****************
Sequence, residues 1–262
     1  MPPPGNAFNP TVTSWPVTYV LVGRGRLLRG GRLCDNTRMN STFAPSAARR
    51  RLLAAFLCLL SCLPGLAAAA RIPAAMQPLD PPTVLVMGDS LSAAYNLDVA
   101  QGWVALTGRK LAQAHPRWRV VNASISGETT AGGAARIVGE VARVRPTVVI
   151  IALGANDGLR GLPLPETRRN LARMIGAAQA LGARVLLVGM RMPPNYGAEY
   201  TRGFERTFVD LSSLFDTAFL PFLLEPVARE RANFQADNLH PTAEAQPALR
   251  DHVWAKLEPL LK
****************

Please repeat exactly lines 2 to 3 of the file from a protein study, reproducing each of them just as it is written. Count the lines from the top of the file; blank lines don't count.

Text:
     1  MPPPGNAFNP TVTSWPVTYV LVGRGRLLRG GRLCDNTRMN STFAPSAARR
    51  RLLAAFLCLL SCLPGLAAAA RIPAAMQPLD PPTVLVMGDS LSAAYNLDVA